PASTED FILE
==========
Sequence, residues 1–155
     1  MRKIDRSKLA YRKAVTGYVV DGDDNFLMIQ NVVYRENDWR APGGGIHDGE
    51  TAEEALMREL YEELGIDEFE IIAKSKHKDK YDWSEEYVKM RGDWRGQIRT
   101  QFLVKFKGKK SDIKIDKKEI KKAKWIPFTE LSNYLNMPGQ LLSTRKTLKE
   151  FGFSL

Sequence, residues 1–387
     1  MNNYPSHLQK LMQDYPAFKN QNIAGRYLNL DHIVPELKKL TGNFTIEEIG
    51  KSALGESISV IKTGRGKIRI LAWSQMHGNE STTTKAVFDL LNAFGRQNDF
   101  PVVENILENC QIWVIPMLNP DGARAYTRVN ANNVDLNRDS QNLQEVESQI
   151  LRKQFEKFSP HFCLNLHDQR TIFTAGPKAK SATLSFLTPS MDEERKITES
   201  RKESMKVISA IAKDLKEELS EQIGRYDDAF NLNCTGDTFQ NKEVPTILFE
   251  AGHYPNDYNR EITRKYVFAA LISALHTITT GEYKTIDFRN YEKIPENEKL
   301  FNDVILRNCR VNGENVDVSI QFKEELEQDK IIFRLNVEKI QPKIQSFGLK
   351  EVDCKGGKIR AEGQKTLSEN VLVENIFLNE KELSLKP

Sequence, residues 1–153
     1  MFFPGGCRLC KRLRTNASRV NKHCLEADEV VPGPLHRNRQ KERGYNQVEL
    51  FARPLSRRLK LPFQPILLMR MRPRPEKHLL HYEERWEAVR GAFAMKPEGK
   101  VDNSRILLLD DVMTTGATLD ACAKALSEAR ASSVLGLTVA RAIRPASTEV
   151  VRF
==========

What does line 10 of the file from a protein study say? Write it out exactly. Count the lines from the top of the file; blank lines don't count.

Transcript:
   151  LRKQFEKFSP HFCLNLHDQR TIFTAGPKAK SATLSFLTPS MDEERKITES